Intricate details: feast your eyes on Persian tilework

February 12, 2023 - 17:11

One of the most common and significant decorative elements in Persian architecture is tilework. There is a wide variety of mosques, castles, mansions, churches, and halls, to name a few that have benefited from the expertise over time.

The glazed bricks that adorn the walls of Tchogha Zanbil, an ancient Elamite temple complex close to Susa, in Khuzistan, one of Persia's oldest examples of this technique, date to the 13th century BC.

The same method was applied during the Achaemenid era in the UNESCO-designated palaces of Susa and Persepolis, and a portion of it can be seen in two friezes known as the Lions and Archer's frieze.

Evidence suggests that Persian tile work reached its full potential during the Islamic period, and artists began exploring various methods and designs to elevate this art to its apogee.

Until the fifth century AH, the buildings were decorated with murals, but since the time of the Seljuk rule, widespread use of tile has become widespread.

Seljuk tiles were in the form of stars or crosses, and the best example is the holy shrine of Imam Reza (AS) in Mashhad. During this period, Kashan and Isfahan were among the most important hubs of tile production in the ancient land.

Here is a selection of historical structures adorned with impressive tilework:

Sheikh Lotfollah Mosque

One of the finest examples of tile in the Safavid era is Sheikh Lotfollah Mosque, which took some 20 years to build. The exterior of the mosque, entrance, corridor, and dome is covered with mosaic tiles. This beautiful mosque, its tiles are considered the culmination of Iranian tile art, was not a public mosque in its time, but a private prayer hall, with only the royal family and a group of Isfahan elders could use it.

The mosque was built by Shah Abbas the Great for one of the high-ranking clerics of the Safavid era, Sheikh Lotfollah Maysi al-'Amili (d.1622).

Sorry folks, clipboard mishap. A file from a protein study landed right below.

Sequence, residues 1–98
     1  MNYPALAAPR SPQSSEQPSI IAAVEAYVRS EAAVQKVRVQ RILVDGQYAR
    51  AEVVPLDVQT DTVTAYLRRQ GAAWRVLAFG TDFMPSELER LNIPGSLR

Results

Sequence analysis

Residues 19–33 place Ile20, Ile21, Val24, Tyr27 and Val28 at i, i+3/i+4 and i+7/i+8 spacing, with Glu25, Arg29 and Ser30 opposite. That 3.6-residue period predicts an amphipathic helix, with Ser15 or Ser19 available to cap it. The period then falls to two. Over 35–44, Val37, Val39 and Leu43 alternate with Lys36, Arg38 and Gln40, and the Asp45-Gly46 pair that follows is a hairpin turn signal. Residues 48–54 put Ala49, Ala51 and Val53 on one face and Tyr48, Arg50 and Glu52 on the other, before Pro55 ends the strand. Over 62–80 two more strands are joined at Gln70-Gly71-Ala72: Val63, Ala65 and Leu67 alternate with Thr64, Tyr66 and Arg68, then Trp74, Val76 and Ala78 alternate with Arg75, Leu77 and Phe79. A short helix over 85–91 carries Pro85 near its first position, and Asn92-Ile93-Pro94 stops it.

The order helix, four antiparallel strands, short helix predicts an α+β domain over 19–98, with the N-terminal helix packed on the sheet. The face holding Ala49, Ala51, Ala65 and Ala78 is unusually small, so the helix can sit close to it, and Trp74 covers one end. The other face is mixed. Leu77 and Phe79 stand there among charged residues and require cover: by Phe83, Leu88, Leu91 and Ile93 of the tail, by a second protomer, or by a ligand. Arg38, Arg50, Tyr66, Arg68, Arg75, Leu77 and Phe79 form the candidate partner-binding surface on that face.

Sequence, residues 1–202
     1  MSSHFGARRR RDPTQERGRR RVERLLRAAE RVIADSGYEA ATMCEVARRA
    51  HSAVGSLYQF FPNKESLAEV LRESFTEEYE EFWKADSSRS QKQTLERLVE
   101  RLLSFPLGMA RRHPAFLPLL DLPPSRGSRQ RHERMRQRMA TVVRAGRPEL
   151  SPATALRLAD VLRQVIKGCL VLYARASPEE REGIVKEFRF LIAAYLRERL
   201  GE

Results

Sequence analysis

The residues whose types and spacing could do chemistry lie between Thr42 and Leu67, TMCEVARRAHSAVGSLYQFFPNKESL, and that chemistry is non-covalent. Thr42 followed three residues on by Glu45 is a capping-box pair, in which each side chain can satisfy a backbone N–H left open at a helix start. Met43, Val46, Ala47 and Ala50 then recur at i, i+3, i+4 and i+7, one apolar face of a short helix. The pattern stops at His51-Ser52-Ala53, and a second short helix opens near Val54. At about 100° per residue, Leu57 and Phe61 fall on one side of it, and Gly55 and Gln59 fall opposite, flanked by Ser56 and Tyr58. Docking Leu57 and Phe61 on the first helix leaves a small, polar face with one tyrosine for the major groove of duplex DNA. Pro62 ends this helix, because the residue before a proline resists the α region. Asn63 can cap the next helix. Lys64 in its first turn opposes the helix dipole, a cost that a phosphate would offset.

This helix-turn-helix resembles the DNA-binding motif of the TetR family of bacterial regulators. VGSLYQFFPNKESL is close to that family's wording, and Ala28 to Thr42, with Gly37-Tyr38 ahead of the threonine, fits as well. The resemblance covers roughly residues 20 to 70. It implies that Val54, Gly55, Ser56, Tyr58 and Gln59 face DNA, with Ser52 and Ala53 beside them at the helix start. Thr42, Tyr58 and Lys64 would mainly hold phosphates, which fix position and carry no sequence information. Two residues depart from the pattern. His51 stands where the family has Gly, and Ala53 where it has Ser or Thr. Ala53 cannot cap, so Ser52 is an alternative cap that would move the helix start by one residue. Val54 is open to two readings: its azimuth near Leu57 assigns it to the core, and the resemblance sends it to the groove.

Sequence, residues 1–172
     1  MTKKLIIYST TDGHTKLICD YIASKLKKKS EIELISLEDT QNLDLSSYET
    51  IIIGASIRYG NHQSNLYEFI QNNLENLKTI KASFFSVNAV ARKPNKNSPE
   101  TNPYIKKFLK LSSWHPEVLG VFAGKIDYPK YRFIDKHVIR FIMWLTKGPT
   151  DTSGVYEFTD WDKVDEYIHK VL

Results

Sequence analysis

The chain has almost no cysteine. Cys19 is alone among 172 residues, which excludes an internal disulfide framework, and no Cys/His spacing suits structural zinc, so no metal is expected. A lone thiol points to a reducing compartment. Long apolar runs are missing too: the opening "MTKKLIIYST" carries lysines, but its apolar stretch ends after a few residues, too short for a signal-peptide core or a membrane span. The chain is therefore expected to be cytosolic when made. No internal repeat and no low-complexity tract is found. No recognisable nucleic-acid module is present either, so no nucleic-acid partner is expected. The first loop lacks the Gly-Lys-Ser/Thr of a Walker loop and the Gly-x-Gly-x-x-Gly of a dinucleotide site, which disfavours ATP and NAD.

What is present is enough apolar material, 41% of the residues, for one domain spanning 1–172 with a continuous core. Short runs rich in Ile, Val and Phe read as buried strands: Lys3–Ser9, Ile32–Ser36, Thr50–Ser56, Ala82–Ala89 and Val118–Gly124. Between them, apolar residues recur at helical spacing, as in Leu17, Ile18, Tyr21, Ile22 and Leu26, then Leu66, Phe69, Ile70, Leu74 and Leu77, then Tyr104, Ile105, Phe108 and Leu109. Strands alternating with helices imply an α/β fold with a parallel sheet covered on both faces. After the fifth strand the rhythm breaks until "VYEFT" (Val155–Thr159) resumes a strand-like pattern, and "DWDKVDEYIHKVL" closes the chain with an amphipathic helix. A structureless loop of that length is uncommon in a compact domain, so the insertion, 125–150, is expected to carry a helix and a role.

Due to the royal nature of the mosque, there is more boldness in applying colors. Also, at a certain time of the day, the reflection of light on the tiles makes a pattern of the dome which looks like peacock feathers and tails.

Imam Mosque

The unique tile style of Sheikh Lotfollah Mosque was replicated on a larger scale in Abbasi Mosque, known as the Shah's Mosque (now Imam Mosque).

Kashi-e Haftrang (Seven-colored tile) is made by putting together small square tiles and drawing a repetitive pattern on them. Although bold in color, its tiles are blue in their entirety. Moreover, all the motifs used in its decorations and designs are quite abstract, indicating the celestial nature of the mosque and its spiritual nature.

Moghadam Museum

Located on Imam Khomeini St., downtown Tehran, Moghadam Museum has a relatively complete collection of different Iranian tile styles of different eras.

The tiles, however, do not originally belong to this house but have been brought here by Dr. Mohsen Moghaddam, the late owner of this house, from other buildings - particularly the ruined Qajar-era palaces and mansions.

Although most of the walls of the front-house museum are covered with colorful tiles, the basement tiles are the most interesting because what is displayed in this section includes all kinds of Iranian tiles over a period of 900 years (from the fourth to the thirteenth centuries AH).

Holy shrine of Imam Reza (AS)

The domes of Imam Reza's Holy shrine are covered in very old blue tiles. These tiles are some 900 years old and are considered the best in the Razavi shrine complex. That part of the tile, which has eight-pointed shapes, is known as "Sanjari tile" and their installation dates back to the Seljuk period.

Also, the shine embraces arrays of octagonal tiles that bear both verses of the Holy Quran, and a very exquisite and distinguished title inscription from the works of the Kharazmshahi period (dated 612 AH).

Atiq Mosque Isfahan

Isfahan Atiq Mosque features a substantial collection of architectural styles and decorations. When it comes to tile arts, the two porches of the south and west of the mosque showcase some finest examples of intricate tilework. Both porches were built in the Seljuk period but were tiled in later periods (Ag Qiyyunloo and Safavid eras).

The south porch, known as Sahen Ebn-e Ebad, is a complete masterpiece of tile art, and the eastern porch is famous for its exquisite designs. Moreover, a very exquisite tile frame draws attention to the Kufic masonry line on the north wall of the porch. Some say the Iranian art of tilework has always been a mystery for tourists to discover.


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